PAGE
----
I have never been a fan of anything Japanese, although my three daughters, for some reasons, love the country and its culture, pop and otherwise! But still the calamity suffered by Japan stunned us all. Understandably, they (the girls, I mean) are more affected by the destruction brought about by the recent earthquake and tsunami. Who wouldn’t, right?
And they have tweeted, blogged and followed the development in Japan rather religiously. In fact, for the past three days or so, like in other household the world over, we have been glued to the TV as we watched the devastation in horror. Our prayers go out to all those affected.
On that note, the Japanese people have apparently been very open on Twitter about their experiences following the quake. The following tweets (which I found on Facebook and have been duly translated) of what moved them and touched them during these very trying times are incredibly heart-warming. Read on... (and while we are at it, we Malaysians seriously should learn a thing or two from these stories)
#tweetone: At a supermarket where everything was scattered everywhere over the floors, shoppers helped picking them up and putting them back neatly on the shelves before quietly moving into the line to wait to pay for them.
#tweetone: On the totally jam-packed first train after the quake, an elderly man gave up his seat for a pregnant woman.
#tweetone: It was freezing and bus was taking ages to arrive. One person left the queue to run to a nearby pharmacy. He bought heating pads and gave one to everyone in the queue!
#tweetone: It was cold and I was getting very weary waiting forever for the train to come. Some homeless people saw me, gave me some of their own cardboard boxes and saying “you’ll be warmer if you sit on these!” I have always walked by homeless people pretending I didn’t see them, and yet here they were offering me warmth.
#tweetone: I see people standing in line, not pushing or shoving to get onto the Yamanote Line (probably the busiest line in central Tokyo), even at a time like this!
#tweetone: There was a small bread shop on the street I take to go to school. It has long been out of business. But last night, I saw the old lady of the shop giving people her handmade bread for free. It was a heart-warming sight.
#tweetone: I just came back safely from the supermarket! Man, I was so touched at how everyone there was mindful of others, buying only as much as they needed and leaving the rest for the people behind them.
#tweetone: Japan is really something! Yesterday, not a single traffic light was functioning in Gotenba City. But drivers knew to take turns at intersections and give way to others when needed. Local people were using flags to direct traffic at intersections. I drove for 9 hours but never saw a single car trying to get in front of another. Every single driver on the road contributed to the traffic situation and as a result there was no confusion at all
#tweetone: I spoke with an old taxi driver and some elderly staff at the train stations. All of them had been working non-stop and had not been able to go home for a long time. They were visibly very tired, but never once did they show any sign of impatience; they were gentle and very caring. They told me “… because all of us are in this together.”
#tweetone: I was impressed and touched by the actions of my neighbor’s 13-year-old-boy. He was home alone when the earthquake hit. But instead of hiding, as soon as the earthquake quieted down, he jumped on his bicycle and rode around the block repeatedly shouting at the top of his voice, “Is everyone alright? Is everyone okay?” At the time, there were only women and children and the elderly in the homes. I cannot describe how comforting it was just to hear a strong voice asking if I was okay. Thank you!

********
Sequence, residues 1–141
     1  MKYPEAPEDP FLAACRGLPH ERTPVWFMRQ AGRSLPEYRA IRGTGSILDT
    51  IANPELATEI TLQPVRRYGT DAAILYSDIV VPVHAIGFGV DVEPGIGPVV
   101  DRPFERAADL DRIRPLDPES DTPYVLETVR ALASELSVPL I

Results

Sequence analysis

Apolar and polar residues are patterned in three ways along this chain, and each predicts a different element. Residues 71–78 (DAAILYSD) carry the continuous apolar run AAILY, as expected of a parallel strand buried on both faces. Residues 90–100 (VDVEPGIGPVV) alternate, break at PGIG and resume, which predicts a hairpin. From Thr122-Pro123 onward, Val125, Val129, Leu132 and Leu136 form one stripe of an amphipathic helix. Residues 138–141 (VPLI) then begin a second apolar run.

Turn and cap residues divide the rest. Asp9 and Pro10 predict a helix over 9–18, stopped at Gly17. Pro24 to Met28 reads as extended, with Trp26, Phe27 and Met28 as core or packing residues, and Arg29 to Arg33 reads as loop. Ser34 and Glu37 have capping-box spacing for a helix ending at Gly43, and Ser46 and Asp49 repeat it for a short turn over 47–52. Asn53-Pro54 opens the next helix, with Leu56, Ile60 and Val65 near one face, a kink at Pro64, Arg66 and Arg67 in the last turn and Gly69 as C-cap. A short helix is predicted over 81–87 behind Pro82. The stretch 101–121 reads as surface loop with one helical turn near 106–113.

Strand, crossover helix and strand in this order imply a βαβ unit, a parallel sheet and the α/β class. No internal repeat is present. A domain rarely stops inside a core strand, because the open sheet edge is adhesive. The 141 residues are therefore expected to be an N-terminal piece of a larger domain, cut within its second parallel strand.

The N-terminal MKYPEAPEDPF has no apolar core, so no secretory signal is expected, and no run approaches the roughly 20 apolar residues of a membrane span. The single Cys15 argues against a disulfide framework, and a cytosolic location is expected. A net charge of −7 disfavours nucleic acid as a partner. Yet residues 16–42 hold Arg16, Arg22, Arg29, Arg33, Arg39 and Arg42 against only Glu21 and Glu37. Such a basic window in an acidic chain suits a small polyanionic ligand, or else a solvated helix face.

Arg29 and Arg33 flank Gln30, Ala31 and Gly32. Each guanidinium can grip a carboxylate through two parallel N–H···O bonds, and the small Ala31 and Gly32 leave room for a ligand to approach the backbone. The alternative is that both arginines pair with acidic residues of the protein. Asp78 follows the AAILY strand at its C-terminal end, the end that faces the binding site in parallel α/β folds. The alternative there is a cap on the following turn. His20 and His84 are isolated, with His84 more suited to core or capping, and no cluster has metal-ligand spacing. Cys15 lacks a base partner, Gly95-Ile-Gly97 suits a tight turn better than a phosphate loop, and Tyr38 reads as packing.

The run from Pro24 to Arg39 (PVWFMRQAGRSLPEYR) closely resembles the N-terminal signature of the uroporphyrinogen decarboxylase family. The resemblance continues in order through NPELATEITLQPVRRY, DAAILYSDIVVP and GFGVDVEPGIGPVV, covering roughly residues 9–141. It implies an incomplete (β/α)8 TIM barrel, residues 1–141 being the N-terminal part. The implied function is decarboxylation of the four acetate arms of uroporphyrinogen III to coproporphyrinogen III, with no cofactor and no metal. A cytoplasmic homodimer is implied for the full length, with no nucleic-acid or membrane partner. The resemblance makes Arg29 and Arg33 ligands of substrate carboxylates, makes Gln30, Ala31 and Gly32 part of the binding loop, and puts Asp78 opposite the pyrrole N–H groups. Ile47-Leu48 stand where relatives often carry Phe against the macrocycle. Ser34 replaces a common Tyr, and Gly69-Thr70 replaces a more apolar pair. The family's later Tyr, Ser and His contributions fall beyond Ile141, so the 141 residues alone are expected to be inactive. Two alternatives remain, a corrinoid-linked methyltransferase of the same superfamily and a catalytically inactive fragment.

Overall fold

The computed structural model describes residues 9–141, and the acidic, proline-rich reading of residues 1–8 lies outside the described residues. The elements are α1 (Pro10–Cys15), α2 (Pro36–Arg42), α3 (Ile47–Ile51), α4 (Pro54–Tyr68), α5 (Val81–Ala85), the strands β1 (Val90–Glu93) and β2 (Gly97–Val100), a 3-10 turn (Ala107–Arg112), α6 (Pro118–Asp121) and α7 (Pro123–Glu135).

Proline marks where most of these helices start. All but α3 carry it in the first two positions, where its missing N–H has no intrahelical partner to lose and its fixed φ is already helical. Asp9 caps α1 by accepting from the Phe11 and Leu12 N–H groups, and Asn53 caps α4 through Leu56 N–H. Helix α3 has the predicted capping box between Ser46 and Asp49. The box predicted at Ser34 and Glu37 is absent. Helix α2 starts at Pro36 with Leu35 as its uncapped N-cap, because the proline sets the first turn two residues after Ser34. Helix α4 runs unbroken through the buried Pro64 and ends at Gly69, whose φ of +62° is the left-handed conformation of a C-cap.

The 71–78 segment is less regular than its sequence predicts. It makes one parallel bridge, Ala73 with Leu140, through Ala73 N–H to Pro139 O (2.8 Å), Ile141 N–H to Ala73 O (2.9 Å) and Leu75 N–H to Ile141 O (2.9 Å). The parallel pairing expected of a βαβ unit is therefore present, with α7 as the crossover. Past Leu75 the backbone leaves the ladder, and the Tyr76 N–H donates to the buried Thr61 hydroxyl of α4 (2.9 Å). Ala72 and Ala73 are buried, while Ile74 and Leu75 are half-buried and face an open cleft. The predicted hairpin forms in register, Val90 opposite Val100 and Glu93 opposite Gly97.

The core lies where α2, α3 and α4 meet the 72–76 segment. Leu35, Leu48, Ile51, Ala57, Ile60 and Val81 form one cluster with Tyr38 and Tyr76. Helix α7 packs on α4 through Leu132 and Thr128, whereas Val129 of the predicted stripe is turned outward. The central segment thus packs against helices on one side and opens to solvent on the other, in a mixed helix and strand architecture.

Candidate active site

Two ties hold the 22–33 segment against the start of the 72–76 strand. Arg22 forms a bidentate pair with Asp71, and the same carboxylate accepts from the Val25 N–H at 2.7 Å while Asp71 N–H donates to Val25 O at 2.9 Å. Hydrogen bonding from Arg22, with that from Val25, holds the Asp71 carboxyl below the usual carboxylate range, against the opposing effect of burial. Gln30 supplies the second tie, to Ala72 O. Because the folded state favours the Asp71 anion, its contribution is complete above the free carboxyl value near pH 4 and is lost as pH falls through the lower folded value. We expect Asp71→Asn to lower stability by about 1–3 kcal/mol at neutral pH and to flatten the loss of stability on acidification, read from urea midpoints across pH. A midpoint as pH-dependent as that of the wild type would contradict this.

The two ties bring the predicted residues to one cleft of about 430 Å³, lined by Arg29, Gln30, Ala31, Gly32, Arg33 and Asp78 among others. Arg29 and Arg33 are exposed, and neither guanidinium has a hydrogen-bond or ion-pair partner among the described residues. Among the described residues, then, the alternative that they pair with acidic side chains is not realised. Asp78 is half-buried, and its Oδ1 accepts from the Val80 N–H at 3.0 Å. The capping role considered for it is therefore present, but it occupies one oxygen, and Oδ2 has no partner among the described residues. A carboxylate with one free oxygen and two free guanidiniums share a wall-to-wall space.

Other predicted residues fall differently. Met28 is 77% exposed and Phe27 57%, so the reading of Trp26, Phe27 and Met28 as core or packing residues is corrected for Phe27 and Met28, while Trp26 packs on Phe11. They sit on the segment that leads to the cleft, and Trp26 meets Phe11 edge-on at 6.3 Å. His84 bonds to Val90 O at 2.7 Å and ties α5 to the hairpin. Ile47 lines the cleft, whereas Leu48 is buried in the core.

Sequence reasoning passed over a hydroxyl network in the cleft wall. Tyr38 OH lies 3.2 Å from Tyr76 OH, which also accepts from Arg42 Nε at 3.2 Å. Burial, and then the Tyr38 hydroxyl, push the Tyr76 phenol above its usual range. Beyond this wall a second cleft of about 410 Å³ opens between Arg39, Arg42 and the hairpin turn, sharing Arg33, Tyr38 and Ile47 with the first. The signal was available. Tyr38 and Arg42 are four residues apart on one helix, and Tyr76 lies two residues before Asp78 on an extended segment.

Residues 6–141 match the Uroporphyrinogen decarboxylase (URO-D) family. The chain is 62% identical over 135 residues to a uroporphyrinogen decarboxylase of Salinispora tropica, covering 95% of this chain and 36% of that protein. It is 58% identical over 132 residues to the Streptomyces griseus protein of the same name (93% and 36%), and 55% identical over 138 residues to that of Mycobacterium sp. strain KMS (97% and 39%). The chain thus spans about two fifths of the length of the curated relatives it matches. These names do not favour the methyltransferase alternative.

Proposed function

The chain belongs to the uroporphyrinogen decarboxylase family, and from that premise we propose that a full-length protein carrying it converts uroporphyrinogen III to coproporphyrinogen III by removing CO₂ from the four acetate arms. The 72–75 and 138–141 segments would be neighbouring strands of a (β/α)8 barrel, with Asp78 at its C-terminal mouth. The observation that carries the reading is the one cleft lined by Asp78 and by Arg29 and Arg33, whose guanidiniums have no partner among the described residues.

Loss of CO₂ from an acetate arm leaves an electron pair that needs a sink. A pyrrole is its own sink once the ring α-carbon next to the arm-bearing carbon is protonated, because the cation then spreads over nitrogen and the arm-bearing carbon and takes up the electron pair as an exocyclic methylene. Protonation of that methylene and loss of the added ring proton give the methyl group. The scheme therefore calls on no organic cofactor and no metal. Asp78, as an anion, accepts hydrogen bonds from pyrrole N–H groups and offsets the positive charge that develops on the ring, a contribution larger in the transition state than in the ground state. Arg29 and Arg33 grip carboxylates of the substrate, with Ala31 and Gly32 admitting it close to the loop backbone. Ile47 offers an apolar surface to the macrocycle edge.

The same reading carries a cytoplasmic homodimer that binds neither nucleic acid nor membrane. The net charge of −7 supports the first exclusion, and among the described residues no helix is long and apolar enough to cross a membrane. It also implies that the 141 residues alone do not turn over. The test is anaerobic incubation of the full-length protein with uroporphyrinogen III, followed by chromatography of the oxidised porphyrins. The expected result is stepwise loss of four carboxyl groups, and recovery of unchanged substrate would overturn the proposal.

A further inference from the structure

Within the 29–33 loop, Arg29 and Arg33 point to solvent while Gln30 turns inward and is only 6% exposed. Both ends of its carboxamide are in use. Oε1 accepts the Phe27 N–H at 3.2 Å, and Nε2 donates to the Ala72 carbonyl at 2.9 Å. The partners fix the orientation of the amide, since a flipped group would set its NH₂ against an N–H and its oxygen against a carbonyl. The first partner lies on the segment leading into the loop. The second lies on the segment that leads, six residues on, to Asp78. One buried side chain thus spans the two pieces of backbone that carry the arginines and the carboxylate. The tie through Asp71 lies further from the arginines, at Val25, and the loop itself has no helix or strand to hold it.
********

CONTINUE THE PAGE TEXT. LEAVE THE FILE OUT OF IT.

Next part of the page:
#tweetone: I went out last night to help some friends who were volunteering as security personnel between Machida City and Sagami Ohno City. I saw total strangers, both young and old, helping each other along everywhere I turned and was heartened with an overwhelming feeling of encouragement. I was so touched I hid behind the toilets and cried.
#tweetone: I’ve been walking for many hours now. I’m touched at how everywhere I turn, there are shops open with people shouting “Please use our bathroom!” or “Please rest here!” There are also office buildings where people with access to information were voluntarily shouting out helpful tips, like “**** line is now operational
#tweetone: My husband finally got home very late last night after walking for 4 hours. He told me he felt like giving up at around Akabane, when an elderly man who was going around handing out free coffee saw him, gave him a steaming cup and said, “You must be tired and cold. Here, have some coffee!” My husband told me that it was because of this elderly man that he found the will and strength to continue walking.
#tweetone: At Osaka I saw a LONG line of people waiting to give blood at the blood donation center. This is the first time I have seen such a queue of selfless people waiting patiently in line just to give. It was a moving sight!
#tweetone: A goth youth with white hair and body piercings walked into my store and shoved several hundred dollars (several tens of thousands of yen) into the disaster relief fund donation box. As he walked out, we heard him saying to his buddies, “I mean, we can buy those games anytime!” At that, we all opened our wallets and put our money into the donation box. Really, you cannot judge people by their appearances.
#tweetone: I too saw the guy handing out free rice balls and miso soup on the way back from Akihabara. I was on my bicycle so I told him, “I’m okay, please give it to other people!” On hindsight, I should have taken one … they looked absolutely delicious!!
Bumi Sudah Tua!